This weekend, the Canadian Securities Administrators (CSA) published their Business Plan for 2019-2022 which clearly identifies the rapidly evolving financial industry as a priority with one of their stated strategic goals being to “Respond to technology-related emerging regulatory issues” stemming from “…the growing influence of social media and innovation in distributed ledger technology (DLT), including blockchain.”
Today the CSA released two major publications: The 2016-2019 Achievement Highlights and the 2019-2022 CSA Business Plan. Learn more about our successes and our upcoming objectives https://t.co/ypadazbF6p pic.twitter.com/tyej9Ufr0J
— CSA_News (@CSA_News) June 13, 2019
The reference to social media appears to refer to the implications of short sellers who maybe active on various platforms and could use their influence to manipulate the direction of individual crypto-assets or the larger market.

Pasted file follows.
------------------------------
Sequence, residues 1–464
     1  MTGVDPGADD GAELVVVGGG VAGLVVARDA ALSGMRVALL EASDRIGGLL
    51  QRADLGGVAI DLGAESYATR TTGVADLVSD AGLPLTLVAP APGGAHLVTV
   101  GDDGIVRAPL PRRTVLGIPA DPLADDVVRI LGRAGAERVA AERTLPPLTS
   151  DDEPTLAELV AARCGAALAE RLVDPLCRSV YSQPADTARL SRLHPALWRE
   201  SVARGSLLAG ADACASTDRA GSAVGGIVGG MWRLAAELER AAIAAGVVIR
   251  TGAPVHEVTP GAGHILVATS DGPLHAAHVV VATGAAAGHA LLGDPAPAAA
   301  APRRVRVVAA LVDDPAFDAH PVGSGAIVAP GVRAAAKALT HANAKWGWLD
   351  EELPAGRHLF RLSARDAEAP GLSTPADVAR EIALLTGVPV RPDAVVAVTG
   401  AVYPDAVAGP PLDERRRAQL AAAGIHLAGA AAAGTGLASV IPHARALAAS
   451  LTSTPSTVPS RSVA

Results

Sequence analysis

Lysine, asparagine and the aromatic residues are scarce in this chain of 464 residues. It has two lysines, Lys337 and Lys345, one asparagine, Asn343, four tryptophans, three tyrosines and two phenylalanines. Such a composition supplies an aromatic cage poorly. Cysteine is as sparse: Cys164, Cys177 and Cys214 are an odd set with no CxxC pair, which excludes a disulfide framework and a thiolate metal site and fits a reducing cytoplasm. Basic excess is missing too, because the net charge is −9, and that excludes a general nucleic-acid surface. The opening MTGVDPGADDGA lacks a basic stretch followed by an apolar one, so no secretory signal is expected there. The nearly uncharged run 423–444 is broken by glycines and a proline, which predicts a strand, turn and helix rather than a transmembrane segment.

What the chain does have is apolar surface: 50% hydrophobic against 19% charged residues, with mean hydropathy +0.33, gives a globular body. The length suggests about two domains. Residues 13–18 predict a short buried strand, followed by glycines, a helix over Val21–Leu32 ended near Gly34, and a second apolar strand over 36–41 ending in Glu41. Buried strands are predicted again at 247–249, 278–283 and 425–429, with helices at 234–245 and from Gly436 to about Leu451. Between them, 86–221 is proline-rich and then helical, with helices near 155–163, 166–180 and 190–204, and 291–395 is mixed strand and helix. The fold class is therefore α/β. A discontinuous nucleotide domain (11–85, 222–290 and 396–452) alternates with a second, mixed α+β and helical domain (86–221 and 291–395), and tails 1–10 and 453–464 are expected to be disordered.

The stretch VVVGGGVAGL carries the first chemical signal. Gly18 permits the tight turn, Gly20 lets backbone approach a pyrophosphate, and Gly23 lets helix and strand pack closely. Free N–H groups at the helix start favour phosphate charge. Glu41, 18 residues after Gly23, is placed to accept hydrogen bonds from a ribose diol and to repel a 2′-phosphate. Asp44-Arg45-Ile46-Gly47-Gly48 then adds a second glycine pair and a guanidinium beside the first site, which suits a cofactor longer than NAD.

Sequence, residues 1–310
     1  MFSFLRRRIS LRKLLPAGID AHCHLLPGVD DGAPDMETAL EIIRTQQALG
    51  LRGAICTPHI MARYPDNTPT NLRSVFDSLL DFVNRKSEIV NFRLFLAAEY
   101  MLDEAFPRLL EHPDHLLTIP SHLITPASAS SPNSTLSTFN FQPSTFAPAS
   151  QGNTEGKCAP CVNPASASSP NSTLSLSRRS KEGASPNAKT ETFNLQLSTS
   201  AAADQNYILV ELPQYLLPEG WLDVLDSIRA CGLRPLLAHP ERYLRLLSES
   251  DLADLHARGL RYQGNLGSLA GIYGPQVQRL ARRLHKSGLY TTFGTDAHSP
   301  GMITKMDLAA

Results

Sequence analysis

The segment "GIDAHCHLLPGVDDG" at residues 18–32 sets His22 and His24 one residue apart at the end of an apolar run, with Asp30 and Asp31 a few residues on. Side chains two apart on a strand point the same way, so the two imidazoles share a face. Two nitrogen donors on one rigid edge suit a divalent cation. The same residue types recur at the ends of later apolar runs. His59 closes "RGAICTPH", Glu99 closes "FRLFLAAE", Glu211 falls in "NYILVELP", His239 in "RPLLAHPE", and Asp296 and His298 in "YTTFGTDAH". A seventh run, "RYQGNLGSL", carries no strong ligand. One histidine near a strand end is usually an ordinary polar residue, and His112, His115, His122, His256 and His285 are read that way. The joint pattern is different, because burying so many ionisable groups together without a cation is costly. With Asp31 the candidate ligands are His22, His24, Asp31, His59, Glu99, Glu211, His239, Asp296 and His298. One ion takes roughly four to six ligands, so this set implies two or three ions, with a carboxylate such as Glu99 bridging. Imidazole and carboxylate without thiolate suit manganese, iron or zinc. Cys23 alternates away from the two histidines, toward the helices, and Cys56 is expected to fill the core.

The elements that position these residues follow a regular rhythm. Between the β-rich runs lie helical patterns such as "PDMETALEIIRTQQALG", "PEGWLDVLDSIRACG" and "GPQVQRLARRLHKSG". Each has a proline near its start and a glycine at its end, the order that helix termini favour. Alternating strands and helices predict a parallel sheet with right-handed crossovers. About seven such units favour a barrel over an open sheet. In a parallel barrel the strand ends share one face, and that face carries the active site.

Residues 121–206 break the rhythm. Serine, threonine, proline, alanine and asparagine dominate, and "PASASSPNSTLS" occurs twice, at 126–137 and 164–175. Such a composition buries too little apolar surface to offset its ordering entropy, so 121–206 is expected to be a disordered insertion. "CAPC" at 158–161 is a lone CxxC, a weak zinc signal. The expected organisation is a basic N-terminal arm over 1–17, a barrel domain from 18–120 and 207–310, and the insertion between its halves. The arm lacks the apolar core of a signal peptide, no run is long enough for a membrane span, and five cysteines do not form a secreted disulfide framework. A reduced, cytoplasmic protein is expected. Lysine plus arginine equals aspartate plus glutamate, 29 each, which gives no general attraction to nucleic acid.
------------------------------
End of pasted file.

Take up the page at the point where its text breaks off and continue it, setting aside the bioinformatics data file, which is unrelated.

Harmonised Nationwide Regulatory Approach
The CSA is an organisation consisting of securities regulators of the 10 provinces and 3 territories of Canada whose primary responsibility is developing a harmonised approach to regulation throughout the country. In streamlining the regulatory process by eradicating duplication of work, the CSA claims to help “…companies seeking to raise investment capital and others working in the investment industry.”
To facilitate this aim, the CSA had previously introduced a Regulatory Sandbox allowing fintech businesses to enjoy a period of time in which to test products and services before adhering to full securities laws requirements.
Earlier this year, the CSA, working alongside the Investment Industry Regulatory Organisation of Canada (IIROC), published a consultation paper regarding regulating crypto-asset platforms.
Under the new Business Plan, the CSA have shown that DLT and blockchain are viewed as significant developments and they will “…consider the current regulatory framework to address the unique challenges brought by crypto-assets…”
As well as focusing on short sellers, including those active on social media, the CSA intend to:
- Propose a regulatory regime for crypto-asset trading platforms
- Consider custodial requirements in relation to crypto-assets
- Consider capital raising and issues in relation to blockchain-based securities
Despite the clear intentions, it remains to be seen whether the CSA Business Plan is flexible, robust or even feasible enough to stay relevant with the fast-moving technologies that often operate on a global rather than a national level.